Salt Houses by Hala Alyan

Salt Houses is a novel that eventually comes full circle, as it follows the female members of a Palestinian family as they flee, move, marry and cope with constantly being and feeling outside where they belong, including between generations and even between siblings.

Each chapter is titled with the name of one of the family, beginning with Salma, the mother of Alia, in Nablus, Palestine, the town she and her husband Hussam and their children fled to in 1948, following the Nakba (catastrophe). Alia is a child of war, barely three years old when they had to flee.

The opening lines are an indication of what is to come and intrigue us to want to know more, they remind me of a visit to Palestine where I first heard about this cultural divination practice, Tasseography, the art of reading coffee grinds, a ritual that dates back thousands of years.

“When Salma peers into her daughter’s coffee cup, she knows instantly she must lie.”

Alia’s older sister is married and lives in Kuwait, a land Alia is reluctant to visit, but when she does in 1967, finds she is unable to return to Palestine due to “the Setback” (the Six-Day-War), thus her children will know a home and culture, even though connected to her heritage, very different from her own.

As each generation makes a move, Hala Alyan takes the reader on an emotional journey of perseverance and loss, against a background of political manoeuvring. While the narrative avoids the conflict and brutality of war and deplacement, we become witness to the separation of a family from its roots, its culture, its land, and in particular the effect on a Palestinian family of the founding of Israel and the conflicts that followed that caused them to become refugees, firstly in their own country and latterly in neighbouring countries.

The separation is not just from their land and traditions, but between perceptions, as family members find it difficult to understand the yearnings of their elders and parents find it difficult to understand the foreigners their have become to them. Fortunately, like with many families, solace can sometimes be found for a child with their grandparent, those who have seen too much to be surprised by anything anymore, who have arrived at acceptance without judgement.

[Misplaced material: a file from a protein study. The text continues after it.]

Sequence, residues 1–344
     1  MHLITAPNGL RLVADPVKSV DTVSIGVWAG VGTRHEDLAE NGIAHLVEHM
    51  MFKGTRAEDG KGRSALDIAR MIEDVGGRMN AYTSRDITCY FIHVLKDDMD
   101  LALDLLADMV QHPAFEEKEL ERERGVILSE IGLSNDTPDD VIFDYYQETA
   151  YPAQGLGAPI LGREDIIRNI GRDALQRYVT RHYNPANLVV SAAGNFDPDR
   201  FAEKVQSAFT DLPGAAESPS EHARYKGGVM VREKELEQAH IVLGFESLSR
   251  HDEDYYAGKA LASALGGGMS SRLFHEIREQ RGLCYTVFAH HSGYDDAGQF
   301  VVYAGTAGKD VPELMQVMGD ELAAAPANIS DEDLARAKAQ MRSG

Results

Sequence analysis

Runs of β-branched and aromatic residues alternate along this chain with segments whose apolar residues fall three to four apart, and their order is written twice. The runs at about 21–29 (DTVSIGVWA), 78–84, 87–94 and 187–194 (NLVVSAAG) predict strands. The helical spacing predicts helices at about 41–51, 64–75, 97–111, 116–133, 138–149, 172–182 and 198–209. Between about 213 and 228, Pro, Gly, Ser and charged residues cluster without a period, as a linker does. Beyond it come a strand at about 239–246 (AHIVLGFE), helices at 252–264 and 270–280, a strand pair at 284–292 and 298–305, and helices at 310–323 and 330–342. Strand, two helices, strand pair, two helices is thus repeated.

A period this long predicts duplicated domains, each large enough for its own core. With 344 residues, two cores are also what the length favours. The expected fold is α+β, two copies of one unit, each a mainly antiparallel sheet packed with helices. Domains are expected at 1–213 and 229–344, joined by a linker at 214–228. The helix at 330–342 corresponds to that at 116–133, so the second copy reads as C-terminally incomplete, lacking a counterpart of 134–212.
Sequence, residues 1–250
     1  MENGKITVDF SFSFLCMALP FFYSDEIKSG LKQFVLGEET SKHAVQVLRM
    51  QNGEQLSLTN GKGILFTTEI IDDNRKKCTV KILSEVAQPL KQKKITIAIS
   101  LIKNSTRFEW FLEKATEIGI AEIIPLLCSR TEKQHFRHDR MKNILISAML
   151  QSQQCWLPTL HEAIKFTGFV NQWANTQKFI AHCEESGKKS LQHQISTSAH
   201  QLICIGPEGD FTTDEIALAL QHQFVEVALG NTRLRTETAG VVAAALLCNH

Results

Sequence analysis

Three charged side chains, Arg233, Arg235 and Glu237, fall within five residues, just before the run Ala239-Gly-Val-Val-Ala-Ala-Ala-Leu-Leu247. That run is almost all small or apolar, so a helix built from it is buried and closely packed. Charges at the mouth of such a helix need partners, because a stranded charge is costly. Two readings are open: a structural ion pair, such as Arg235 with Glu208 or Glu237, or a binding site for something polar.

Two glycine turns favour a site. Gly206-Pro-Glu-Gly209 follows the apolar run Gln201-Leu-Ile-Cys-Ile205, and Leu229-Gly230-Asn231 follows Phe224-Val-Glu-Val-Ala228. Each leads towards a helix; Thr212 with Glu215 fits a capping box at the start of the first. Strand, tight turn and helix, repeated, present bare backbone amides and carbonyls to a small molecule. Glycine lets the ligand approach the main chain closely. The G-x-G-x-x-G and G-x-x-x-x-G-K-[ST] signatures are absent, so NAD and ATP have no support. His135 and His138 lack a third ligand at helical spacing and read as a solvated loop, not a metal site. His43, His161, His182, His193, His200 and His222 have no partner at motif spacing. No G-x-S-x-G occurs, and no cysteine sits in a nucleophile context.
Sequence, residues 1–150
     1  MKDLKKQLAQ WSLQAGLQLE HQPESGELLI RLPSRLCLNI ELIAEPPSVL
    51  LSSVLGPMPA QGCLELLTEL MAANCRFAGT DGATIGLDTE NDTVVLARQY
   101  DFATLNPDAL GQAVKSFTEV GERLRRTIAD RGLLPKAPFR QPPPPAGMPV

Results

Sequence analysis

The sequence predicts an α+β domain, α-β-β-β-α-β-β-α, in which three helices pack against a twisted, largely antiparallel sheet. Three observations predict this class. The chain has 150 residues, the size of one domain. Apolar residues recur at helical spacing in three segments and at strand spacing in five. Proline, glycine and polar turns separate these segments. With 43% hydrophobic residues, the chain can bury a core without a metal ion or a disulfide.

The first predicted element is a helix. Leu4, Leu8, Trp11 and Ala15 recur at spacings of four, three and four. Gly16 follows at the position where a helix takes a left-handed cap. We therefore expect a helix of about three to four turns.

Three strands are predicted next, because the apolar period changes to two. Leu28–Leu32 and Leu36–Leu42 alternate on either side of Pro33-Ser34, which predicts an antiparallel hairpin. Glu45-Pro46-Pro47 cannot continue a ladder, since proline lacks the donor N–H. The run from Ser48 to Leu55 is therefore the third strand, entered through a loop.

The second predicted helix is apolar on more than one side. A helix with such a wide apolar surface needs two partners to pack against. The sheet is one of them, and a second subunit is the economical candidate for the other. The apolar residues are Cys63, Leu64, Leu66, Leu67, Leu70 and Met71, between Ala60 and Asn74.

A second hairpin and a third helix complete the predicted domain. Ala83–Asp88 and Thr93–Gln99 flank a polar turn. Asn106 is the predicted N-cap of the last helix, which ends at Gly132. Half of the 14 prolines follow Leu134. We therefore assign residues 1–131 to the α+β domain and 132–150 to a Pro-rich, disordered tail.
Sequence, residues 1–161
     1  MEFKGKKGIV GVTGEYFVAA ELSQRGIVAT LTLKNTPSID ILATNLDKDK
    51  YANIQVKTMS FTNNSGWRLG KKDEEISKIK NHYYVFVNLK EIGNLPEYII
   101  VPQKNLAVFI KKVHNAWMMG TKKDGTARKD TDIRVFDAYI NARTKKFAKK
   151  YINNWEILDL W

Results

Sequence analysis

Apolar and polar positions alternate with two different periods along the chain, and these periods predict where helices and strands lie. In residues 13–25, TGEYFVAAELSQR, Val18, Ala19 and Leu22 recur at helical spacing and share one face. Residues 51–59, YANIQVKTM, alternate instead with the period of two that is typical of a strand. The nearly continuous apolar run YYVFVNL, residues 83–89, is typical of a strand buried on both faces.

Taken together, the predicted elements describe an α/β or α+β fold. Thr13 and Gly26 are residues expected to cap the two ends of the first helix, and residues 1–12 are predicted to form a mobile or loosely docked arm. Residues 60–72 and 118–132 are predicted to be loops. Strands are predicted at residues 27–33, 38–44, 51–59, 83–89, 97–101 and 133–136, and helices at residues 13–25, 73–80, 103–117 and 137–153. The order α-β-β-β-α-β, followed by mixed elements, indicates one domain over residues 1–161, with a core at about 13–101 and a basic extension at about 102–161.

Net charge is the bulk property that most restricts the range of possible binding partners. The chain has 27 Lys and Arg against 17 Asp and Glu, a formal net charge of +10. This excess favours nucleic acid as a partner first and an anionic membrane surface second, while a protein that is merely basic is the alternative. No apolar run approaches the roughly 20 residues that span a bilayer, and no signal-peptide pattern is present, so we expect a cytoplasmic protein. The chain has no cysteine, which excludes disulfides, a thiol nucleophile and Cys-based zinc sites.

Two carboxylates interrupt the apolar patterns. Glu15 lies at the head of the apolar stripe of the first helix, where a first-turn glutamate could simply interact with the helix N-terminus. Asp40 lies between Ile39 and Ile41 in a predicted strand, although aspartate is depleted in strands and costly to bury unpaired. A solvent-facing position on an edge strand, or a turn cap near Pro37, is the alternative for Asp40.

Salt is referred to throughout, invoking memories of family living near the sea displaced inland; fathers who “salted everything after that, even his water,” houses lost, eroded like salt; lives soothed by and almost taken by immersion in salt water. It is everpresent.

“The porcelain surface of the teacup is white as salt; the landscape of dregs, violent.”

Through it all Alia’s husband harbours a secret that torments him, one that he lives with by regularly writing letters that are never sent, seeking atonement.

The novel traverses with diligence a difficult period in the history of Palestine and the Middle East, demonstrating the resilience of humanity to survive, the sacrifices that are made and the cultural poverty that is experienced giving rise to the insatiable desire for families to remain connected, not just to each other but to the small yet important things, the traditional rice dishes, the olive, the orange tree, the desire to keep flowers blooming, no matter where they find themselves.

Their homes may crumble, but their spirits continue to reignite and flourish, wherever their heads may lie.

Hala Alyan is a Palestinian-American author, poet and practicing clinical psychologist living in Brooklyn, who spent her childhood moving between the Middle East and the US.  Salt Houses is her debut novel and is inspired by some of her own extended family experiences.

“I definitely think there was an intergenerational trauma that went along with losing a homeland that you see trickle down through the different generations”  Hala Alyan, NPR interview.

Further Reading:

Dreams, Displacement & DNA: Talking With Hala Alyan About ‘Salt Houses’ What happens when displacement enters your DNA? by Kristin Iversen · May 9, 2017

Note: This book was an ARC (advance reader copy) provided by the publisher via NetGalley. I originally reviewed this book for Bookbrowse.

 

 

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Second Person Singular

It is likely that there will be different perceptions of Sayed Kashua’s  ‘Second Person Singular’ not only due to the literary devices he uses, but on account of ‘where we are coming from’ and perhaps too, where we come from.